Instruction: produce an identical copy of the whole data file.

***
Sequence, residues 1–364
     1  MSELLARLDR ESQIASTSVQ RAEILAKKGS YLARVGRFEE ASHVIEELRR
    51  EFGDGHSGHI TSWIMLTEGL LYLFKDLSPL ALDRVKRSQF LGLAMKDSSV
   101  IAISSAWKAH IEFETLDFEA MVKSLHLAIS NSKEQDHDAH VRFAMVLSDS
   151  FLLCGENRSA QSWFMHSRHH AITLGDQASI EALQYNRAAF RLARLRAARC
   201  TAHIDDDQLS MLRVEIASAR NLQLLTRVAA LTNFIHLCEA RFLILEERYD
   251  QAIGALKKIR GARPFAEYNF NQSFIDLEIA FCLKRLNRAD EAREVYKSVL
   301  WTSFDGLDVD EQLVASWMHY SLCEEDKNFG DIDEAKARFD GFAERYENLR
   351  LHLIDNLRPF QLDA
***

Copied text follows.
Sequence, residues 1–364
     1  MSELLARLDR ESQIASTSVQ RAEILAKKGS YLARVGRFEE ASHVIEELRR
    51  EFGDGHSGHI TSWIMLTEGL LYLFKDLSPL ALDRVKRSQF LGLAMKDSSV
   101  IAISSAWKAH IEFETLDFEA MVKSLHLAIS NSKEQDHDAH VRFAMVLSDS
   151  FLLCGENRSA QSWFMHSRHH AITLGDQASI EALQYNRAAF RLARLRAARC
   201  TAHIDDDQLS MLRVEIASAR NLQLLTRVAA LTNFIHLCEA RFLILEERYD
   251  QAIGALKKIR GARPFAEYNF NQSFIDLEIA FCLKRLNRAD EAREVYKSVL
   301  WTSFDGLDVD EQLVASWMHY SLCEEDKNFG DIDEAKARFD GFAERYENLR
   351  LHLIDNLRPF QLDA